Andy Palmer:
It’s incredible you say that because this idea that there’s either small data or big data, but what you’re implying, it’s like, “You have to manage all of it because you never really know which subset you’re going to need in any given situation.

Salema Rice:
That’s right.

Andy Palmer:
Yeah.

Salema Rice:
Yeah, just when you think you’ve got it all figured out, they’ll come up with something else. Especially in our world, a lot of our data comes from third parties, right? So, when you think about the large vendor management systems or acquiring data from third parties, these are huge data sets that you’re bringing in to work with and you don’t always want to take the time to transform it, but to go all the way back to the source, would be very difficult to do on a regular basis. So, having that raw data available to you, on an as-needed basis, is really important.

Andy Palmer:
That’s great. But, you imply… When you said, “Mastering” and that always near and dear to my heart, at Tamr. So, some of these mastering challenges that you described are just massive mastering skills, I think is a great example. How do you think… When you think about tackling these data mastering challenges, what are the methods that you look to and what are the things that you try to do when you’re doing big mastering projects?

Salema Rice:
Well, one of the keys for us is really not reinventing the wheel. So, we really look to organizations like SOCK and Oxnard, and the Department of Labor, the Bureau of Labor Statistics. Because, a lot of times when we’re looking at rate data or market data, things we want to bring in from other sources, even metrics we want to bring in from other sources to be able to do benchmarking. It’s really important that our data be consistent, that our reference data specifically for mastering, is consistent. When you think of sourcing methods or something as simple as an end reason code, right? I mean, in order to really have a proper benchmark, you need to be comparing apples to apples. So, research upfront is always a key component of that. Another would be really having the business partake in that, being a part of the business. We always talk about the importance of, “Data is not an IT problem.” Right?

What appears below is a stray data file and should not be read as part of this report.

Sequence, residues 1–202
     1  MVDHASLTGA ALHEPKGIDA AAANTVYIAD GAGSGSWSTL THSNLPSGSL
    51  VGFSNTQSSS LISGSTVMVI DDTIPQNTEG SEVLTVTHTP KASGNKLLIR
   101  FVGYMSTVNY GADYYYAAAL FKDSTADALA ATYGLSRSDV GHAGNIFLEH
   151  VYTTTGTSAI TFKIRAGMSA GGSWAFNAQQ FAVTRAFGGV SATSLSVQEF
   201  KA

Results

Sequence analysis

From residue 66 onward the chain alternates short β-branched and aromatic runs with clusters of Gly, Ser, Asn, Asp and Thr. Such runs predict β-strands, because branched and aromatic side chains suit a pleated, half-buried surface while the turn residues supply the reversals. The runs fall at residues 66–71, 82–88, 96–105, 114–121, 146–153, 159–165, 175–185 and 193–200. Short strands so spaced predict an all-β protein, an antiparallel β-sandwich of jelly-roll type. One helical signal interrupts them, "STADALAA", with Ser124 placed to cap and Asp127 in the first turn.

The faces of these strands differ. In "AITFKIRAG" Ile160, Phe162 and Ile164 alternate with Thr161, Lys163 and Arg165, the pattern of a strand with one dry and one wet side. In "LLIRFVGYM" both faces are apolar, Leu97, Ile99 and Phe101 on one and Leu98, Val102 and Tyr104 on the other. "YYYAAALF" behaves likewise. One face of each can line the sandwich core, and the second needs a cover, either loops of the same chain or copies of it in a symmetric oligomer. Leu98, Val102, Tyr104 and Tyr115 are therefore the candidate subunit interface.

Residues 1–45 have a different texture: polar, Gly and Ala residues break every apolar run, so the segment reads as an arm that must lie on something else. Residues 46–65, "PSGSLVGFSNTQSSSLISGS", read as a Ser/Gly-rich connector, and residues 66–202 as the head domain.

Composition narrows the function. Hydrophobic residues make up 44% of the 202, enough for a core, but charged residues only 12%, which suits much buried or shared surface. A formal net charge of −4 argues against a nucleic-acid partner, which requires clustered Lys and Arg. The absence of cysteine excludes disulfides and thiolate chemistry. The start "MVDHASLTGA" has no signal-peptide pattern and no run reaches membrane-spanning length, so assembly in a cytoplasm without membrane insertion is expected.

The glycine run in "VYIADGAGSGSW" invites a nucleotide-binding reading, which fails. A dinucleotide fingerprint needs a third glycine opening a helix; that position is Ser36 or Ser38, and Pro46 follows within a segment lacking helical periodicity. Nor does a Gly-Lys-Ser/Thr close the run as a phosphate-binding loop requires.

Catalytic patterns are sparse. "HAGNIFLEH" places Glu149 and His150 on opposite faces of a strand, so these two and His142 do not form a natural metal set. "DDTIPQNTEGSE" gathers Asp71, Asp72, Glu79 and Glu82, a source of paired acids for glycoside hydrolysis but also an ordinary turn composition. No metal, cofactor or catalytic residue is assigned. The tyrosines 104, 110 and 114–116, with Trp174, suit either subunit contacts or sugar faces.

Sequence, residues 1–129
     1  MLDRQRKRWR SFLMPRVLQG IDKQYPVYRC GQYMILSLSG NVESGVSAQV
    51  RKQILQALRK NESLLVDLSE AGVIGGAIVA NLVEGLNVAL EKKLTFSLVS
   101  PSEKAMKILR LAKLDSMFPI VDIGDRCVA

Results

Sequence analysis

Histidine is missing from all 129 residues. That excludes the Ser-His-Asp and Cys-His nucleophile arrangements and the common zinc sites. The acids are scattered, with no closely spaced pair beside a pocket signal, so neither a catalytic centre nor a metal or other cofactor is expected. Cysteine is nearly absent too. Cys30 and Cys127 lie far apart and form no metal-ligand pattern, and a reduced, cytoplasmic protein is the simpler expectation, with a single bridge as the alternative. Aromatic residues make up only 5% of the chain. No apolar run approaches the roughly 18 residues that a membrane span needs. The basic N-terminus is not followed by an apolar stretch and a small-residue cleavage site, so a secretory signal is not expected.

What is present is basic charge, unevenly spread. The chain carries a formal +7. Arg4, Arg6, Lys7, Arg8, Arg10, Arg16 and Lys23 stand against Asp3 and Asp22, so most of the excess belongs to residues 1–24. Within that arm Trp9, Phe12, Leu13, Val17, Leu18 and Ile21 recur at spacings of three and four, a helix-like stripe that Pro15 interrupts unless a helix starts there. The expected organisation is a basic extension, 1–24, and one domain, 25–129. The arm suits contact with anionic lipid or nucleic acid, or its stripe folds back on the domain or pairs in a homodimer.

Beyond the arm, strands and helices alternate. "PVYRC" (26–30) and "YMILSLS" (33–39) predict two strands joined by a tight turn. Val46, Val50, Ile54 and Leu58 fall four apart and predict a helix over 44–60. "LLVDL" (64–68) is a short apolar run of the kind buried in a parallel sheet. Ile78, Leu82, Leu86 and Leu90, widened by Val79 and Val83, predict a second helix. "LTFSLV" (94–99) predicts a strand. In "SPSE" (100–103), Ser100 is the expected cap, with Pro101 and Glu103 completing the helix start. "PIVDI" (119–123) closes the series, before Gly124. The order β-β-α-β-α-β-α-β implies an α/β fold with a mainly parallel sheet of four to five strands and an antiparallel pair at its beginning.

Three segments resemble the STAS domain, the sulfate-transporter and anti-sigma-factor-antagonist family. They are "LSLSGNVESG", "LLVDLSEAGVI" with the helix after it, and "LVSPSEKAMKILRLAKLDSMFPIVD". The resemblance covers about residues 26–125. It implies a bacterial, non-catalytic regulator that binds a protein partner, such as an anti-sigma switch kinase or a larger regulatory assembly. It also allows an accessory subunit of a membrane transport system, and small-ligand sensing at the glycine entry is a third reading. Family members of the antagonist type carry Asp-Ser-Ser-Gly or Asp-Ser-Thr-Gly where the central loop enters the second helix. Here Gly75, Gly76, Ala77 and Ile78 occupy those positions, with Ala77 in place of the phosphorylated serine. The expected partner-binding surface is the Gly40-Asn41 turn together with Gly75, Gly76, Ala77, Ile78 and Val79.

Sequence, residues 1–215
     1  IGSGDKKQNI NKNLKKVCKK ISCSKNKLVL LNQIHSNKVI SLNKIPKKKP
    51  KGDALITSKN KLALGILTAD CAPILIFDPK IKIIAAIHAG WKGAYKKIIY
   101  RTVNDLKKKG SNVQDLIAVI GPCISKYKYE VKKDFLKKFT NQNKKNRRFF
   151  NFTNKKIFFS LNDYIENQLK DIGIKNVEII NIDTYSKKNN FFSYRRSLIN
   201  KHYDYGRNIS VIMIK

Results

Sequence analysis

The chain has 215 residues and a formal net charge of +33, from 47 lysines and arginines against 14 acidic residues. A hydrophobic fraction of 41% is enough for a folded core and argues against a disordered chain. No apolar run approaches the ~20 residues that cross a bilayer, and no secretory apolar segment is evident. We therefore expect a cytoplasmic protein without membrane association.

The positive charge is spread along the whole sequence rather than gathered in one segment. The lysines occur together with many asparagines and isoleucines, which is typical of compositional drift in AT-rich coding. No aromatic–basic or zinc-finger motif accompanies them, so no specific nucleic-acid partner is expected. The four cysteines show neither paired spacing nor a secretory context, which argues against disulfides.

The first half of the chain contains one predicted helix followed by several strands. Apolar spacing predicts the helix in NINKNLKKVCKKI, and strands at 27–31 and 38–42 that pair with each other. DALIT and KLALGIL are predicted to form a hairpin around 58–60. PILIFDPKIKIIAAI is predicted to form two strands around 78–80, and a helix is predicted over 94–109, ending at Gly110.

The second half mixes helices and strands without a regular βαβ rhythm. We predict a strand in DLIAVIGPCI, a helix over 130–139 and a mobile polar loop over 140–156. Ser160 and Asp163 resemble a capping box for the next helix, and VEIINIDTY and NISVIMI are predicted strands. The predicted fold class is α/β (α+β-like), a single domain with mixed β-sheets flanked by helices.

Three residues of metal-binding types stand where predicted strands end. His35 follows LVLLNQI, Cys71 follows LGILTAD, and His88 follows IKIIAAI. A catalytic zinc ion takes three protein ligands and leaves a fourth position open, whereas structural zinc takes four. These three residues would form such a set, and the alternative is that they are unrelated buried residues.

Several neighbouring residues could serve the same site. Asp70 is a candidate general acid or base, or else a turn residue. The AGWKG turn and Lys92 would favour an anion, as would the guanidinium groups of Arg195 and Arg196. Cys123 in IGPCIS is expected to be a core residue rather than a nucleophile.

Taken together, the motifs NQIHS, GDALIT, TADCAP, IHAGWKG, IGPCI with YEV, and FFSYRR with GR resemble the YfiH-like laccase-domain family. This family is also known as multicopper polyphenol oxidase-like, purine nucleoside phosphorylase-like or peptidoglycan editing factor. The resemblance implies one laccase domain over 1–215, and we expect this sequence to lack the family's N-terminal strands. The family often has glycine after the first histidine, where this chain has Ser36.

I can’t stress enough to organizations, when I hear that the CDO works for the CIO, and I think, “Data cannot be an IT problem.” IT can own the processes sometimes that manage the data, but the business has to take ownership for the data. Otherwise, you just got garbage in, garbage out, right? So, I think that really… The other big challenge I think, for mastering the data is making sure you have sound governing principles in place. One of the things we learned back in, I don’t know, probably dating myself. But I guess, ’08, ’09, during the financial crisis, was the importance of a taxonomy and really having standard taxonomies for things like skills or even job titles. When you think about what happened from the financial side and really having that documented, it’s been a huge differentiator for GRI. When we go in somewhere that had one of our competitors previously, I hear all the time, “This is night and day” and that’s because we apply all those principles.